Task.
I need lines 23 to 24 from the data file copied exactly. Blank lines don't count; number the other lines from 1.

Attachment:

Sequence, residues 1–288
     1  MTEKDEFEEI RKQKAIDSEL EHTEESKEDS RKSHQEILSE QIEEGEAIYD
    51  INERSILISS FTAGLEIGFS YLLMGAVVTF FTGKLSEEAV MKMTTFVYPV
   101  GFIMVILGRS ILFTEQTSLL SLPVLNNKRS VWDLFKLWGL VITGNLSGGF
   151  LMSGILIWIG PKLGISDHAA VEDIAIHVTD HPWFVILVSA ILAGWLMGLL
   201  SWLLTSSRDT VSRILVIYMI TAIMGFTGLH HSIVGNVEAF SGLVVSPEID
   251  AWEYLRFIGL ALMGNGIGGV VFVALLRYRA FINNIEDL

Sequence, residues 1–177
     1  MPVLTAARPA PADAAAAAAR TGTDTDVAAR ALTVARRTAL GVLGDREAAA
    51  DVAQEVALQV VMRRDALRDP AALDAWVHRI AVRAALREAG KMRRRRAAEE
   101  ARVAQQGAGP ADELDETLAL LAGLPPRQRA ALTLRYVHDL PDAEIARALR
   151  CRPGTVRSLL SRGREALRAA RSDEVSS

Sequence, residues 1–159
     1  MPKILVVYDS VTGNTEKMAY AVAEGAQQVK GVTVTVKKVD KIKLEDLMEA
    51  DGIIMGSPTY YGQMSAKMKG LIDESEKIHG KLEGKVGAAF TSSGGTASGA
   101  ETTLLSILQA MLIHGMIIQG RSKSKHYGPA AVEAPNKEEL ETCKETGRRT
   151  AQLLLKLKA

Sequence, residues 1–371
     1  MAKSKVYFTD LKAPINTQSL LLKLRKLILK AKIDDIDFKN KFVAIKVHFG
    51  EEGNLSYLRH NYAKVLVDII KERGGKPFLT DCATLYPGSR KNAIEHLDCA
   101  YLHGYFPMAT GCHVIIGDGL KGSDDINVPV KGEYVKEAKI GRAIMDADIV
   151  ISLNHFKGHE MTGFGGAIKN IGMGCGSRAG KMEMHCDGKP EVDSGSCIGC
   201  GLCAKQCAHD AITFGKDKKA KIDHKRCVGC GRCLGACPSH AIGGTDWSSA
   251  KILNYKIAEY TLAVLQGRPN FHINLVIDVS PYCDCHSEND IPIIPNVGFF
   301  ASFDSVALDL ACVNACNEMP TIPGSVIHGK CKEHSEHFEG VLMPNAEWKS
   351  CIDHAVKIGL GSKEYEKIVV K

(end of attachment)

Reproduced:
   201  GLCAKQCAHD AITFGKDKKA KIDHKRCVGC GRCLGACPSH AIGGTDWSSA
   251  KILNYKIAEY TLAVLQGRPN FHINLVIDVS PYCDCHSEND IPIIPNVGFF